Peer Review

Fifty-two weeks later, I packed my brother’s truck with my backpack and camping gear. “You’re gonna look ridiculous in that thing,” he’d said. I smiled. “You have no idea.”

I’d been waiting for hours. That’s how it seemed, at least. Expectation affects the way we perceive time. I’d presented about it at journal club that week. Outside a three-floor, brownstone apartment, I’m waiting for Leigh, who just had to go to the office this morning – even when she’d asked for today MONTHS ago – sooo, I’m a little anxious. But I can’t blame her. It isn’t easy to find transportation upstate. Did I mention it’s a Saturday? Yeah. After working overtime all week, her boss pulled a classic Dr. P and had her run samples before letting her go for the weekend.  Apparently the division of yeast cells on agar mediums is a delicate business. Never mind respect, never mind rules. This is fucking science.

Finally, she bursts out from her apartment, overloaded with bags, but ready. You wouldn’t guess from looking, but Leigh and I strike the rare and delicate balance between work and play. Try finding socially competent girls like us in biomedical research, who live music and know how to unwind. Leigh tosses her stuff in the back, then climbs into the open seat. We share a smile, and nothing else needs to be said.

We drove for hours. I don’t remember how many. We didn’t stop, except for twice: once to use the bathroom, and once for a McFlurry. The road does strange things to a gal. As we cruised, we listened to all our favorite HEADLINER songs. When they were over, we listened to the remixes. Fifty-two weeks, we’d waited for tonight.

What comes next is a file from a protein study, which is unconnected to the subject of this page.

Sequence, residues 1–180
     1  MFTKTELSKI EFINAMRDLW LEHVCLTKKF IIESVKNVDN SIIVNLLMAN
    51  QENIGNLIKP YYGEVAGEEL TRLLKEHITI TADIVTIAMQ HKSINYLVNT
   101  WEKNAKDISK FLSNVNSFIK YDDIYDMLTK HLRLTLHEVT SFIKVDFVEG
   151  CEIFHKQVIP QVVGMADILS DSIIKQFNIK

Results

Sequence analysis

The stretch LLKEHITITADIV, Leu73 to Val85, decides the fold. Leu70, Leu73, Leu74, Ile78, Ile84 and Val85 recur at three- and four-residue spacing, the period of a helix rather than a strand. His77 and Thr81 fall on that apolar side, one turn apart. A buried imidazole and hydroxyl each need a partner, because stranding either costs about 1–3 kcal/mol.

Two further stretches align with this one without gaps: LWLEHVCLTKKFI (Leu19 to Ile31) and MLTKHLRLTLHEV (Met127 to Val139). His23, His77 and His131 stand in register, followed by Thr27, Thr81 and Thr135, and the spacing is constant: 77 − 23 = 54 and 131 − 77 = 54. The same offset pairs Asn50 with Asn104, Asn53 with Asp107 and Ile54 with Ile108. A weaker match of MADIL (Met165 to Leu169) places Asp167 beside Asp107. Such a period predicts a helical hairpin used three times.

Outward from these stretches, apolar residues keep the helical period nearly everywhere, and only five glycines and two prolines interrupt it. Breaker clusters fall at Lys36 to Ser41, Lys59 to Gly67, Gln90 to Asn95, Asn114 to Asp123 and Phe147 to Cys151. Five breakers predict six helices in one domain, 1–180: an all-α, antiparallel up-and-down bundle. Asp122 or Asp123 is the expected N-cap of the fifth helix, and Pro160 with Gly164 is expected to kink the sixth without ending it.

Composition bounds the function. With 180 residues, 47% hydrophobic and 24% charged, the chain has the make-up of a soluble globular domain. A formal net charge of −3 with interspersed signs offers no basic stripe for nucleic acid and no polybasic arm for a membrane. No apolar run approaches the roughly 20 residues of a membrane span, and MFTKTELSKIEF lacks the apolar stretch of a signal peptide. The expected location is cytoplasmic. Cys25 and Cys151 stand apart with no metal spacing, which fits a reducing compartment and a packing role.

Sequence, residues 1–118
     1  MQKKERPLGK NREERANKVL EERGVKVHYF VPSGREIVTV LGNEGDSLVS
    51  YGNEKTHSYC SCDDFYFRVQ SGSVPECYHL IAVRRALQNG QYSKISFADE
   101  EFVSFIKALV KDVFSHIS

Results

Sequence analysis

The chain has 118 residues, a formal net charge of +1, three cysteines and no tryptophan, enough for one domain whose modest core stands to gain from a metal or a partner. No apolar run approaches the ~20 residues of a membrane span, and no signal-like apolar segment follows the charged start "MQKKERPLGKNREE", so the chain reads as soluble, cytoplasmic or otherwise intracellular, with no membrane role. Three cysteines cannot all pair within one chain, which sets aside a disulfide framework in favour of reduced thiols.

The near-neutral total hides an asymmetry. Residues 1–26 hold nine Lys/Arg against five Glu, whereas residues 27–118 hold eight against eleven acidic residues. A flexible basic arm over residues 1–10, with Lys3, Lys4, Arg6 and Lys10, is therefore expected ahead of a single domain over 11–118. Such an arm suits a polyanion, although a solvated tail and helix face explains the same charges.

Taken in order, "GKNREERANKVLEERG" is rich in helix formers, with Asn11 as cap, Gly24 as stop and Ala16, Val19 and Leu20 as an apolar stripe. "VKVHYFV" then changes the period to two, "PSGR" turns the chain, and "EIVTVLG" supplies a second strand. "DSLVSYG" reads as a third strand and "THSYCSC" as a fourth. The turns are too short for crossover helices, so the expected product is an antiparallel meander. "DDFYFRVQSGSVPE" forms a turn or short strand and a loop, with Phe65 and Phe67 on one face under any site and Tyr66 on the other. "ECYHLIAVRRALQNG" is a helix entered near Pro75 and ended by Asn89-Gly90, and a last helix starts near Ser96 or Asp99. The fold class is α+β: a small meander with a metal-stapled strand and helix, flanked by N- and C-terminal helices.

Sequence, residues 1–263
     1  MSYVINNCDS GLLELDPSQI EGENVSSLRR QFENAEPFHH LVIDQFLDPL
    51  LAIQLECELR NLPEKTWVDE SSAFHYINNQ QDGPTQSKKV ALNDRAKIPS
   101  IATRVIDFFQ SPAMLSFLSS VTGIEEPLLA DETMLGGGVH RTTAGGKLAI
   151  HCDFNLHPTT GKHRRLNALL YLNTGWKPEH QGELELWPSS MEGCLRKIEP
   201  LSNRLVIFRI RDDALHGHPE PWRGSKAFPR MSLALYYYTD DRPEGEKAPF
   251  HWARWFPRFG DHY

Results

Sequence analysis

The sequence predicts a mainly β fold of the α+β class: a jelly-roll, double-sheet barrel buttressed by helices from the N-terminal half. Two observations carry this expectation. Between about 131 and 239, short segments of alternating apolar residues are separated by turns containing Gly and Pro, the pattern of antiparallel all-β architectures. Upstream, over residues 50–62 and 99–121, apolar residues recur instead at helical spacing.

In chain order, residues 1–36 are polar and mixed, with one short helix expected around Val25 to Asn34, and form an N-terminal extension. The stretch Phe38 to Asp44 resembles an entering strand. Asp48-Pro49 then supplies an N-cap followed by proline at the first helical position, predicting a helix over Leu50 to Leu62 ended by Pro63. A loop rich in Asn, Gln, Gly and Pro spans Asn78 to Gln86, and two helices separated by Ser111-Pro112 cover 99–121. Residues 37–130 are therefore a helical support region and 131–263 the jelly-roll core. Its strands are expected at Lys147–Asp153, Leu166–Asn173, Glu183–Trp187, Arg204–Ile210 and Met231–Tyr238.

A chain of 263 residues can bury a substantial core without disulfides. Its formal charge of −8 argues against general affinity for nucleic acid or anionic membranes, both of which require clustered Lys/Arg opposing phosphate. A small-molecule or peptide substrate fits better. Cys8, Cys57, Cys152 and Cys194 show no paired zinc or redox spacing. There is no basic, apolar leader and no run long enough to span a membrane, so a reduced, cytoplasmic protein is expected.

-Hey, thanks for driving up with me.
-Are you kidding? You’re the one who’s driving.
-No, I mean thanks for coming out this weekend.
-We knew we were coming back a year ago. You don’t have to say anything.
-But I know how busy things have been, and I know how far back this is going to set us. So, thanks.
-You know how you can say thanks?
-How?
-Breaking out the green!
-Dude!
-What?
-I’m driving.
-I’m not.
-Well, it’s in the glove box.
-Nice.
-It smells delicious.
-Where’s Charmander?
-Under the registration.
-There. I can’t believe you still have this thing.
-It’s a great bowl! Little dirty, maybe.
-Do you want me to crack a window?
-Yeah, but you can light it first.
-Cool.
-Well…
-Oh, that’s nice.
-I guess I could smoke a little.
-Some things never change.
-Some things never change.

The best part about driving high? An hour in traffic becomes an hour rocking out with your girlfriend. We know we’ve arrived because the freeway disappears and in its place are dirt roads and farms. They smell like cows and shit. We drive until a trio of bored cops flag us down. They point to the left. There’s another dirt road I hadn’t noticed before. We thank them, then drive away, giggling.